Memorandum by the Assistant Adviser on International Economic Affairs (Stinebower)

Bolivian Tin Negotiations

A meeting was held at 11 o’clock October 9 in the office of the President of the Metals Reserve Company to discuss in a preliminary way the Company’s proposal for the purchase of Bolivian tin. Present at the meeting were:

  • Senator Charles Henderson, President, Metals Reserve Company
  • The Bolivian Minister
  • Mr. Mauricio Hochschild
  • Mr. Enrique Ellinger
  • Mr. Carlos Aramayo
  • Mr. Carlos Bowers
  • Mr. Martinez Vargas
  • Mr. Gunderson, Metals Reserve Company
  • Mr. Vogelsang, Defense Commission
  • Mr. Alexander Henderson, Defense Commission
  • Mr. Donovan
  • Mr. Stinebower

Copies of the revised memorandum outlining the terms on which the Metals Reserve Company would offer to purchase tin concentrates from the Bolivian Government were circulated and briefly examined. After some general protests, particularly from Mr. Hochschild, that the price terms were extremely unfavorable to the Bolivians, it was agreed that the Bolivian representatives should make available to the Metals Reserve Company the terms of their respective British contracts and should have time to study the Metals Reserve Company proposal, and that a further meeting would be held in the afternoon.

Mr. Aramayo was particularly interested that no quantity limit should be expressed in the contract, preferring that we should undertake to buy all of the Bolivian production outside the Patiño interests. In this suggestion it was assumed that Patiño had concluded a contract with the British smelters and that an undertaking by the United States to take 18,000 tons a year would leave a few hundred tons a month for which no market would be assured and which would be at the mercy of any terms which the British buyers wished to offer.

The meeting was reconvened at 3 o’clock in Senator Henderson’s office, all of the foregoing being present except Mr. Alexander Henderson.

Mr. Gunderson explained that the objective of the price formula was to make the return to Bolivian producers the same or somewhat [Page 545] better on their sales to the United States as compared to their sales to the United Kingdom. The particular returning charges and the other adjustments might not work out on an exact parity with similar terms offered by the British but we desired the net result to be equally favorable to the Bolivians.

The Bolivian representatives did not like the particular price formula and wanted the New York price for Straits tin, less a reasonable normal treatment charge. For this Mr. Hochschild suggested that he would like to prepare a proposal to apply to the New York price returning charges based on normal conditions, by which he meant prewar returning charges in England figured at a $4.68 rate for the pound.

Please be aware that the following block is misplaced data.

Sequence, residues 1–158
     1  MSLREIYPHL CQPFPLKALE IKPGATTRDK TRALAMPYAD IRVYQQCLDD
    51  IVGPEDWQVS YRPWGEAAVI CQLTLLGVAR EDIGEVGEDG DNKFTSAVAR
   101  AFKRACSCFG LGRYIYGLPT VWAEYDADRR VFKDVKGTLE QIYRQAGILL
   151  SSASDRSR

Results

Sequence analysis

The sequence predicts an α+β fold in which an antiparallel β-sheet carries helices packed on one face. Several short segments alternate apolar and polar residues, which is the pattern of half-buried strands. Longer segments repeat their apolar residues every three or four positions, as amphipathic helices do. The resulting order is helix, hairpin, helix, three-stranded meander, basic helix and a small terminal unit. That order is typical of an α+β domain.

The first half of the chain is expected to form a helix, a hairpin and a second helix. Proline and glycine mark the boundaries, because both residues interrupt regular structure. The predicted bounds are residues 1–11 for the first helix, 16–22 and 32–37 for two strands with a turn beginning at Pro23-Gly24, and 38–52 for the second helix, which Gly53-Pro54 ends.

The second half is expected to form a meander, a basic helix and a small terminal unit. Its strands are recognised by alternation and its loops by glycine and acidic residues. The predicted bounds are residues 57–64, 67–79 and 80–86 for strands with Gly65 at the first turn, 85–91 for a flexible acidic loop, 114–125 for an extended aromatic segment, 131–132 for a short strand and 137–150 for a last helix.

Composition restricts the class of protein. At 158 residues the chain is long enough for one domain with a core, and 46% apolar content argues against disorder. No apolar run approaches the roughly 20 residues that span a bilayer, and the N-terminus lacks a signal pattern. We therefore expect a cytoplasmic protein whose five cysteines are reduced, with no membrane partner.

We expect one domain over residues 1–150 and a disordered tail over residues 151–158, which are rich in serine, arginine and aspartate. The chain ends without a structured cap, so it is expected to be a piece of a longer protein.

It was agreed that the Bolivian representatives would prepare a counter proposal for a price formula and submit it to the Metals Reserve for study.

The points in the memorandum were then taken up seriatim with the following decisions:

(1) Mr. Aramayo objected to the suggestion that the contract would be between the Bolivian Government and the Metals Reserve Company. He said the Bolivian Government does not own ores and should not procure them to sell, that it should only guarantee the contract for the Bolivian producers. This question was left for settlement between Mr. Jones, the Bolivian Minister, and the State Department.

(2) The Bolivians resumed the request to take all Bolivian ore other than that produced by Patiño. In response to an inquiry it developed that this would amount to between 300 and 400 tons over the 1,500 tons a month proposed in the contract, but that these excess amounts would be practically all of ores of less than 35 percent tin content. In reply it was suggested that we hope at a later time to consider the smelting of low grade ores but we preferred to deal with that question separately and at this time to consider only ores of 35 percent or better. There was no objection, however, to Mr. Hochschild submitting a proposal on the lower grades.

(3) Price basis and treatment charges.

The Bolivians agreed to submit a counter proposal.

(4) Delivery.

The Bolivians pointed out that the port selected for delivery in the United States would have to be an accessible port, i. e., that it would be a port regularly reached by shipping services leaving Chile.

(5) The Bolivians wanted an advance of 90 percent on concentrates sold at a fixed price, 80 percent on other concentrates. This was to be included in their counter proposal.

It was agreed that after the counter proposal should have been received and studied, a further meeting would be held, probably on Friday afternoon, October 11.